5. Building a celestial marriage. The scriptures give an occasional glimpse into societies in which people “were of one heart and one mind, and dwelt in righteousness; and there was no poor among them” (Moses 7:18), where “there was no contention in the land, because of the love of God which did dwell in the hearts of the people.” (4 Ne. 1:15.)
Bill and Sue used to think they had to wait for the Church to somehow establish such a society. But their immersion in the scriptures has given them the incentive to at least begin the task of building now a family that would be comfortable in a city like the one Enoch built.
Early in this dispensation, the Lord revealed to Joseph Smith that in building the kingdom “no one can assist in this work except he shall be humble and full of love, having faith, hope, and charity, being temperate in all things, whatsoever shall be entrusted to his care.” (D&C 12:8.) Following Nephi’s injunction to liken the scriptures unto themselves, the Johnsons consider this verse as follows: “And no one can [have a happy, fulfilling marriage] except [he and she] shall be humble and full of love, having faith, hope, and charity, being temperate in all things.”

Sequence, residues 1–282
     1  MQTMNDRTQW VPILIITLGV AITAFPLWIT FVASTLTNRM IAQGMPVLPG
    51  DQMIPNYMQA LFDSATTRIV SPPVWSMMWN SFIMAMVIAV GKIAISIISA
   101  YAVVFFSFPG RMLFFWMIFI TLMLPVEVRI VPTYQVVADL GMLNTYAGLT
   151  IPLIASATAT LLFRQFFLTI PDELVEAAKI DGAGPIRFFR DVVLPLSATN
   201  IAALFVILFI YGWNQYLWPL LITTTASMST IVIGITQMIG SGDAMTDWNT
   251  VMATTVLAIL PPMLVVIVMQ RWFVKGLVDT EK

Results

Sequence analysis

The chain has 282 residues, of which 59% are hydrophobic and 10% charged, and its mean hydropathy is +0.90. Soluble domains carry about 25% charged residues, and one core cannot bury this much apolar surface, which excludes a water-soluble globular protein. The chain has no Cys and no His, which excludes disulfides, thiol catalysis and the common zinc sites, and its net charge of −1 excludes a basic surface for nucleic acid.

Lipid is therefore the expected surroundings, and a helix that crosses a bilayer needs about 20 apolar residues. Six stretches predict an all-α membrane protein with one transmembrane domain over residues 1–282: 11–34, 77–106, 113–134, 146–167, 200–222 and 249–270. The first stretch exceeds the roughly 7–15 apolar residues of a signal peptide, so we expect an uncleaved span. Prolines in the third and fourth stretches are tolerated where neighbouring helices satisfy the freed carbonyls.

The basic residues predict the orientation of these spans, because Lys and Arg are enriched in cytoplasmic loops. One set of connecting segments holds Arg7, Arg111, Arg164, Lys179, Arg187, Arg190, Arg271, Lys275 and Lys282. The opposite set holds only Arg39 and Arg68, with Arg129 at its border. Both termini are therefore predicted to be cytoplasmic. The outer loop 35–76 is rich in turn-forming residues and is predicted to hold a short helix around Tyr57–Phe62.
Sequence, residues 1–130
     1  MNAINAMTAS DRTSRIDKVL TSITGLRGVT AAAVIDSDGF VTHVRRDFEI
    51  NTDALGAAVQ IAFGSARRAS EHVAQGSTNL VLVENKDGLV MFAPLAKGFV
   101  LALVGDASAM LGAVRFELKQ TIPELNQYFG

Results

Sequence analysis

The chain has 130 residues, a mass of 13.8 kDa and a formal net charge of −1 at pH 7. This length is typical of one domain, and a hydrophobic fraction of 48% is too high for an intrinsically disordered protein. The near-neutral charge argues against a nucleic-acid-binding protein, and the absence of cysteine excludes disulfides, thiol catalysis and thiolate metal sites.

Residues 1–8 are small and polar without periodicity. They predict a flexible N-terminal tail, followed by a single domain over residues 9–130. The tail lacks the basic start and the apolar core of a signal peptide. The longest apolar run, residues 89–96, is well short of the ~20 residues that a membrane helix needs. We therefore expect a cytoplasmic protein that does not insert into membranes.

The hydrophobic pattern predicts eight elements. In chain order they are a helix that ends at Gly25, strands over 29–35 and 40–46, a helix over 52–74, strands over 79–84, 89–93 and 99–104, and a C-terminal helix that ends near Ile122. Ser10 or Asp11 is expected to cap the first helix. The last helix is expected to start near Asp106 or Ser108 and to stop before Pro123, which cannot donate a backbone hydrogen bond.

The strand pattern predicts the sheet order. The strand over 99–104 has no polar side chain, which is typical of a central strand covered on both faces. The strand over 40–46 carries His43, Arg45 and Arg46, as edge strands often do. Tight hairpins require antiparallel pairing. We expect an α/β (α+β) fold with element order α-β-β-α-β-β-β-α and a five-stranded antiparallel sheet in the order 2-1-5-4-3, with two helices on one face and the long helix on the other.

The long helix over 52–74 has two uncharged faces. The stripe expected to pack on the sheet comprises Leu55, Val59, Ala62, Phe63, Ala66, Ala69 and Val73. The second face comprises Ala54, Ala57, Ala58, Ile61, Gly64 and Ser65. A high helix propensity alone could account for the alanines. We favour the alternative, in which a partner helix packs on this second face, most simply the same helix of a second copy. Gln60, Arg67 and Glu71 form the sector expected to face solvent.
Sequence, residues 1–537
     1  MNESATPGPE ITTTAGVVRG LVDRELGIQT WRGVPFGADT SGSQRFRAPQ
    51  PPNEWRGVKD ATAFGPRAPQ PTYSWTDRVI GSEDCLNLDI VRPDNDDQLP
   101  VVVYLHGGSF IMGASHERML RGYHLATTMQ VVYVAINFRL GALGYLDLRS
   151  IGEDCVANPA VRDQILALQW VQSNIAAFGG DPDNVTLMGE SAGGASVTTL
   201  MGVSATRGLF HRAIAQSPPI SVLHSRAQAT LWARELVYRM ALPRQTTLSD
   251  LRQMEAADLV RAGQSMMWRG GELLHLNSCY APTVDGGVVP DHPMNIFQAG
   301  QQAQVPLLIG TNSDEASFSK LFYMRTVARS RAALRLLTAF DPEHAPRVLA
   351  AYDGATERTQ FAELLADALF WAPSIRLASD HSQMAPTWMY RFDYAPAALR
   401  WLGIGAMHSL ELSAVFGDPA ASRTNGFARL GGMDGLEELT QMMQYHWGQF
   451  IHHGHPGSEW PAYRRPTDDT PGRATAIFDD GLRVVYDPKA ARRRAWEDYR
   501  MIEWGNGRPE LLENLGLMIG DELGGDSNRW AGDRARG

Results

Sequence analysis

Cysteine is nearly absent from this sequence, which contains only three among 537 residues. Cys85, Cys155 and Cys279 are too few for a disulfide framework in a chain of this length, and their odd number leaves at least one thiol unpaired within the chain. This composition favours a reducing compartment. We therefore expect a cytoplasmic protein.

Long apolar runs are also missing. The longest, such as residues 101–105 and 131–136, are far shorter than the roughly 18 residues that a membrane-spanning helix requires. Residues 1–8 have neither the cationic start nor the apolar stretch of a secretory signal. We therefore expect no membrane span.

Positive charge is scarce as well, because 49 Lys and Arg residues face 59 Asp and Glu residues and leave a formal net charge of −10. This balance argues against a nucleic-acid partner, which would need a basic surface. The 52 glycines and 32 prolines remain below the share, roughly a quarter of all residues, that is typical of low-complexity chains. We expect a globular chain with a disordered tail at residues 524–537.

Their inventory of gospel insights continues to grow. Just as each family’s food storage program may differ, it’s very likely that Bill and Susan’s scriptural storehouse will contain counsel somewhat different from that of any other married couple. And as with food storage, the blessing of a scriptural storehouse is that “if ye are prepared ye shall not fear” (D&C 38:30)—for “there is no fear in love; but perfect love casteth out fear.” (1 Jn. 4:18.)
As husband and wife, sit down together in a comfortable and quiet place in your home. Consult the Topical Guide found toward the back of the LDS edition of the King James Bible. Scan the scriptural topics for areas that you feel might help strengthen your relationship with the Lord, with each other, and with your children. Consult the scriptural references listed with each topic, and then discuss them. Jot down the insights you gain and the ways you will apply these scriptures in your own lives. For example:
Matt. 16:25—If I lose my life I will find it. I’m happiest when I’m thinking about others and about ways to serve them.
I’m going to spend more time serving my family’s needs by …